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  • Living

Learing the language is all about living it

Wednesday, 12th July, 2017 10:50am

Story by Siobhan Holliman
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Learing the language is all about living it

Abril from Spain, Hannah from Milltown and Maddy from Germany. Photo: Ray RyanTuam park 14296.jpg

Learing the language is all about living it

Abril from Spain, Hannah from Milltown and Maddy from Germany. Photo: Ray RyanTuam park 14296.jpg

GATHERINGS of foreign students are familiar sightings around Co Galway towns during the summer. Many closed schools become hubs for English language schools as hundreds of Spanish and French teenagers work on staying dry and improving their English.

I admit, my only experience that could in anyway give a sniff of being related to a cultural or foreign exchange was a week or so away when I was 16 to Tuam's twin town of Straubing in Germany where our school trend of second hand suede jackets didn't quite impress the Bavarian club bouncers. I was also beckoned and spoken to under the guise of 'Schiff' for my entire stay – followed by lots of laughter – it being the German for boat.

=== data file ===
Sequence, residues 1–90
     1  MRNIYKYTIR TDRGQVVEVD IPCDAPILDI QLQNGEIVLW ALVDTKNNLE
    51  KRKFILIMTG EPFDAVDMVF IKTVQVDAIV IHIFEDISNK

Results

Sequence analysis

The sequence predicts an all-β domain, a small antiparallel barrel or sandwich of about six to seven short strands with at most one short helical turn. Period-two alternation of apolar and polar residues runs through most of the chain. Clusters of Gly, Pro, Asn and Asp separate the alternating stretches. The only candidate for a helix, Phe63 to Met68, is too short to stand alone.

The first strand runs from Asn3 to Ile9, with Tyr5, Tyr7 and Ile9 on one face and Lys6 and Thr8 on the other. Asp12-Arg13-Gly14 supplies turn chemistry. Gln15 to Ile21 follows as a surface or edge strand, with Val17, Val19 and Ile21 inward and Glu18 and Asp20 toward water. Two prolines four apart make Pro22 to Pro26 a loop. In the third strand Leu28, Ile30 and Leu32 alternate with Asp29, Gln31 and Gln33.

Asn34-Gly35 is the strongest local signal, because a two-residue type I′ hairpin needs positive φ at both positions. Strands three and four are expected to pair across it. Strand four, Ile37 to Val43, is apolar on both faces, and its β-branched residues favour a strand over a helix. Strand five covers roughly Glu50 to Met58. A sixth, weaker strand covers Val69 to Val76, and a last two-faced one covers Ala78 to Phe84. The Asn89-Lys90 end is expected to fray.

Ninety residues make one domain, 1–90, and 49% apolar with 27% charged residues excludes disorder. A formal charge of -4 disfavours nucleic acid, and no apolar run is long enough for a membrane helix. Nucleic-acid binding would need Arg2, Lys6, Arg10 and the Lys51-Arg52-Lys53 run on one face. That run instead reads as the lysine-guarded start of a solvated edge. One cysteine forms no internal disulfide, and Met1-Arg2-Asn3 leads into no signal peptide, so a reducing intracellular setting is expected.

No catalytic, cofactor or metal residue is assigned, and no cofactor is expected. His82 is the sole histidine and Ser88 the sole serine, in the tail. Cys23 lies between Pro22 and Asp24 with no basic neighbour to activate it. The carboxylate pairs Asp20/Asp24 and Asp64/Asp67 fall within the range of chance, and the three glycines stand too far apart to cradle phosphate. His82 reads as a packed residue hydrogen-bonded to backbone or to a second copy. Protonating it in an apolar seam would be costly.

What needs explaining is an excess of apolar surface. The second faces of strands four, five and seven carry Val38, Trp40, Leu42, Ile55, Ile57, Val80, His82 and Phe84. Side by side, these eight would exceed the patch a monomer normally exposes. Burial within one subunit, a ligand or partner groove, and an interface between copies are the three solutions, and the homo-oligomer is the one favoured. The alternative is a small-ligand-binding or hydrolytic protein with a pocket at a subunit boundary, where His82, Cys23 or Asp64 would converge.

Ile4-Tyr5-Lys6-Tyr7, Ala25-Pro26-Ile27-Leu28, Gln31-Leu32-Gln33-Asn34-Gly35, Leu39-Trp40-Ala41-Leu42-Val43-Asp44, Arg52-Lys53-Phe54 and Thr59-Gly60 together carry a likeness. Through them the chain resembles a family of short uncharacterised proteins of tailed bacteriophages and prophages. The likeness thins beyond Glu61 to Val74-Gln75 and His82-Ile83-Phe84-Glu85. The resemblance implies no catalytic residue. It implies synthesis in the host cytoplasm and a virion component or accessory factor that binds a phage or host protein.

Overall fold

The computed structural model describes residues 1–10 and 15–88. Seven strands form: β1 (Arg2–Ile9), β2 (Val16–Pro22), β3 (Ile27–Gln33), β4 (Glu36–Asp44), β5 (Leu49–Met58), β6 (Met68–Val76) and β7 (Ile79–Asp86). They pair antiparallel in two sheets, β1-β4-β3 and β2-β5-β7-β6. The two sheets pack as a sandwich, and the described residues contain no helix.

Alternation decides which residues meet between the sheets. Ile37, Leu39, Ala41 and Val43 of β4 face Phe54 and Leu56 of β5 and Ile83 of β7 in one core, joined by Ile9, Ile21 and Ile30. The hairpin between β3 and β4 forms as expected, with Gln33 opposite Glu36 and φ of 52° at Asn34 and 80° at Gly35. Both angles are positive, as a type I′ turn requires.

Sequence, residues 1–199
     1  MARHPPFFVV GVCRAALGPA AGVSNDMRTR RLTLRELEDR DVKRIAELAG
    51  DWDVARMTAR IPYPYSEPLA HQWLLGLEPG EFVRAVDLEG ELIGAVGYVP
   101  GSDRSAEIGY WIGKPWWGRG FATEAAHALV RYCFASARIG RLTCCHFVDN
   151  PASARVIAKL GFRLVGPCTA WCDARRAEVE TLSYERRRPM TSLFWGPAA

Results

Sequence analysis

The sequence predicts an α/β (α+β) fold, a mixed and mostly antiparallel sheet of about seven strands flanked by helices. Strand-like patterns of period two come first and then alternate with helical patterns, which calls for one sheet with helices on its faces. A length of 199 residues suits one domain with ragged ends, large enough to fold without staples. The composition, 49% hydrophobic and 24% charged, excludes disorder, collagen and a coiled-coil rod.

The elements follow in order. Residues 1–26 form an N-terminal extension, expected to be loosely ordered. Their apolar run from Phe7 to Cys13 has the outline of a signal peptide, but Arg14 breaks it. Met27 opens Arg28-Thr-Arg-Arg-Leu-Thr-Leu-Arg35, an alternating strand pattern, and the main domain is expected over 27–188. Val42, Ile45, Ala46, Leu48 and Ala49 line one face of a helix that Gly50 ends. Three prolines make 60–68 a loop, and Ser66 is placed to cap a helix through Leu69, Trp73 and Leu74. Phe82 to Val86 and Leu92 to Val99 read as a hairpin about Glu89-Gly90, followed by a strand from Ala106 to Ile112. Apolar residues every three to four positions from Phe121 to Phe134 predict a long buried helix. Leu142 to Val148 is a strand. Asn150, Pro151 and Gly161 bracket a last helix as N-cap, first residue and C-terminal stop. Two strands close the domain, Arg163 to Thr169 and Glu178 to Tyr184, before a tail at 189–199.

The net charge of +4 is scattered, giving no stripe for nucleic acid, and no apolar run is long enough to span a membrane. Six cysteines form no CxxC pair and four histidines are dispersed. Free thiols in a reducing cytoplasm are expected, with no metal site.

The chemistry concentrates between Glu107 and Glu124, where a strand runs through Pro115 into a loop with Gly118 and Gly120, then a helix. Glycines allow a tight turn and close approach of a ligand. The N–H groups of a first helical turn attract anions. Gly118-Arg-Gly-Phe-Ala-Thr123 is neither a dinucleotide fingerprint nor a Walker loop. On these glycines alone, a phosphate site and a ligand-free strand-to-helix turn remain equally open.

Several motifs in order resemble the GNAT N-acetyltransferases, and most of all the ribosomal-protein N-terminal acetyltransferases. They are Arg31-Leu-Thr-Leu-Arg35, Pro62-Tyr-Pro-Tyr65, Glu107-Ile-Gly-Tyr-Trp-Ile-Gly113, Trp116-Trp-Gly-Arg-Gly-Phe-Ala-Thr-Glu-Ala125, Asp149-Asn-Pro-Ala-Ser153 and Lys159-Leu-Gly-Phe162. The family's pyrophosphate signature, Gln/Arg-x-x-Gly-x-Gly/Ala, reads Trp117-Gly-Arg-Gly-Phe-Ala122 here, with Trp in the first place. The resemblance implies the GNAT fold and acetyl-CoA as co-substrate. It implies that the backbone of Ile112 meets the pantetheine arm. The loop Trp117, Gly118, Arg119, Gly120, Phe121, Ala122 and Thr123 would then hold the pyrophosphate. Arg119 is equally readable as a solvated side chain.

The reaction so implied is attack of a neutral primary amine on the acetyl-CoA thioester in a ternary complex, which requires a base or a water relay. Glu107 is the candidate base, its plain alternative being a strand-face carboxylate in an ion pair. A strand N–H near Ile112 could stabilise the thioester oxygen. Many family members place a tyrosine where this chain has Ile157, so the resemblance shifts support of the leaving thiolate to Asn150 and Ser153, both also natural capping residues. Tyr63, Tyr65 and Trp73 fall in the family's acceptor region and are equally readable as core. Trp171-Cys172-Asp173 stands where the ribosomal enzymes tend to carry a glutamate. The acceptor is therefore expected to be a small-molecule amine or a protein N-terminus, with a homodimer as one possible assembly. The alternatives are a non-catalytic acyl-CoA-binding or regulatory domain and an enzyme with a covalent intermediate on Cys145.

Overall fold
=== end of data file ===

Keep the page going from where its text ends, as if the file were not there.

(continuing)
Perhaps an even earlier summer in the Gaeltacht was my only attempt to embed myself in Irish culture, where I struggled to find the gaeilge for vegetarian and somehow came to tolerate the Bean an Tí's veggie menu of beans, spuds and bread with raspberry jam.
But that was all decades ago and while our island neighbours are preparing for an exit stage left of the EU, we are a hot spot for mainland European youths eager to speak our language. That being English of course, no demand yet for an exchange as Gaeilge!
We're a great nation for studying languages but when it comes to speaking them – that's where we falter. So the aspiration of one young North Galway schoolchild to become multi-lingual before she reaches 18 is not just impressive and surprising, it would unachieveable for most.
Three tweens smiling and chatting around a table isn't unusual – it's only when you speak to them that you realise this bunch of buddies are an international group with Milltown's Hannah Kenny representing the Emerald Isle. Her two close friends are from Spain and Germany. The mind-boggling part is that Hannah can as easily chat to them in Spanish or German as in English.
Two years ago, aged ten, Hannah was the youngest child to embark on a language adventure when she became part of a Spanish family for six months. The Spanish child Abril, of similar age, then came to Milltown and spent five months living with Hannah and her family.

Read the full feature in this week's edition of The Tuam Herald

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